Impatient R Translations français: Translated by Kate Bondareva. Serbo-Croatian: Translated by Jovana Milutinovich from Geeks Education. Preface This is a tutorial (previously known as “Some hints for the R beginner”) for beginning to learn the R programming language. You are probably impatient to learn R — most people are. This page has several sections, they can be put into the four categories: General, Objects, Actions, Help. General Introduction Blank screen syndrome Misconceptions because of a previous language Helpful computer environments R vocabulary Epilogue Objects Key objects Reading data into R Seeing objects Saving objects Magic functions, magic objects Some file types Packages Actions What happens at R startup Key actions Errors and such Graphics Vectorization Make mistakes on purpose Help Introduction I asked R users what their biggest stumbling blocks were in learning R. > search()

R-statistics blog Data Sorcery with Clojure Statistics for a changing world: Google Public Data Explorer in Labs Last year, we released a public data search feature that enables people to quickly find useful statistics in search. More recently, we expanded this service to include information from the World Bank, such as population data for every region in the world. More and more public agencies, non-profits and other organizations are looking for ways to open up their data and expand global access to this kind of information. We want to help keep that momentum going, so today we're sharing a snapshot of some of the most popular public data search topics on Google. We're also launching the Google Public Data Explorer, an experimental visualization tool in Google Labs. Popular public data topics on GoogleWe know people want to be able to find reliable data and statistics on a variety of subjects. You can read the complete list at this link (PDF), but here's the top 20 to get you started: You'll notice some interesting entries in the list. Animated charts can bring data to life.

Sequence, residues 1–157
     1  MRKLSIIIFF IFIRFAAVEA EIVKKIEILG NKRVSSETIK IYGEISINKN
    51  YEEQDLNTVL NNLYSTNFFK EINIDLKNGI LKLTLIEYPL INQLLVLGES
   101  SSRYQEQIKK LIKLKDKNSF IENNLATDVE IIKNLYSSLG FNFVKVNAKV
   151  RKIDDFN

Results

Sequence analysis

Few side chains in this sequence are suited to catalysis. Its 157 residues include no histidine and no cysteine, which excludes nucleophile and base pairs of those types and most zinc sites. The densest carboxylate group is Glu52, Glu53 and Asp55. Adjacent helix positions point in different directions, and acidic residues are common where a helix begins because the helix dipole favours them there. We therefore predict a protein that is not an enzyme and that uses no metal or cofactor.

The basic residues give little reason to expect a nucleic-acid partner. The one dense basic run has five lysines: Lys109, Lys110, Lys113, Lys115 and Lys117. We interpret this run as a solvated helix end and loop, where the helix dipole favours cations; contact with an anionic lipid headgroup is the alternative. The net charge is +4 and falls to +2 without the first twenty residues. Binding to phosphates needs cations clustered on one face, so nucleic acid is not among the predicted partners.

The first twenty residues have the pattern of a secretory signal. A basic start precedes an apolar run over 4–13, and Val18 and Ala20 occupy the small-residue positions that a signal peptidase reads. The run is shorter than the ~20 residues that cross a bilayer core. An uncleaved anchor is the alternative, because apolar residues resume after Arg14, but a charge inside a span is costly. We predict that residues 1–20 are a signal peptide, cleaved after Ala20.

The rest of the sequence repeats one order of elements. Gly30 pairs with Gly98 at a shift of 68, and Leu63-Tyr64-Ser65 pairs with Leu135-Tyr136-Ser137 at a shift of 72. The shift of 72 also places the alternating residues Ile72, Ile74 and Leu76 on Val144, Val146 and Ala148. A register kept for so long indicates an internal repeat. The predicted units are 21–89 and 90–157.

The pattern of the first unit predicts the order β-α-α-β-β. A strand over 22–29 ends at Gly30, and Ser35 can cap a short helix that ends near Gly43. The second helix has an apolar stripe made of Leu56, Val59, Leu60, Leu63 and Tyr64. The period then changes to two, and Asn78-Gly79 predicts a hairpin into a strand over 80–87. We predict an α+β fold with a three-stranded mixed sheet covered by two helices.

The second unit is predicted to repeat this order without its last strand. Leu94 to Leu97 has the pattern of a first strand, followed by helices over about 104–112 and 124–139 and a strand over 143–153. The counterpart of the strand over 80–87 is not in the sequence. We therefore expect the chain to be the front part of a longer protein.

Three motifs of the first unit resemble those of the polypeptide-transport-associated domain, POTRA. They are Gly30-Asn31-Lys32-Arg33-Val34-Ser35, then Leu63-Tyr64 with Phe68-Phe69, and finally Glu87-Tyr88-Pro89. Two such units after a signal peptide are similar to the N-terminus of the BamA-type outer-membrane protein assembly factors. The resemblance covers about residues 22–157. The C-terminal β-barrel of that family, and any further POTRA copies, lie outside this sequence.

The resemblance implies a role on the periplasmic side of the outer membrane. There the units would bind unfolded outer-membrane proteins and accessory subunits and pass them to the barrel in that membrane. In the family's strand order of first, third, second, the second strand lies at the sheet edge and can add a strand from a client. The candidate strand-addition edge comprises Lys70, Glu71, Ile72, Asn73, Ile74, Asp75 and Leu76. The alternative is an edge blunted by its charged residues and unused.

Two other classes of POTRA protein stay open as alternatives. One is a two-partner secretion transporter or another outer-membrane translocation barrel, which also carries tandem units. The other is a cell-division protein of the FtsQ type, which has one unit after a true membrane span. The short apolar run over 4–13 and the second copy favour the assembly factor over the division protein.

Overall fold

Understanding Shakespeare / Approaches A guide to querying 'references' in the Content API | Open Platform We have recently extended the ways that you can search our Content API to include queries with 'references'. You can query the API with an ISBN number, and see articles about the corresponding book, or by a MusicBrainz ID, and see articles about the artist or composer. Here are some answers to frequently asked questions about this feature. Questions Answers What is the 'show-references' parameter? The show-references= parameter has been added on content search, tag search and item endpoints. show-references=isbn => display ISBN references where available. show-references=musicbrainz,isbn => display MusicBrainz and ISBN references where available. show-references=all => display all available references. What is the 'reference-type' parameter? The reference-type= parameter has been added on content search, tag search and item endpoints. reference-type=musicbrainz,isbn => return content which has both an ISBN and MusicBrainz identifier associated. What is the 'reference=' parameter? No. No. search?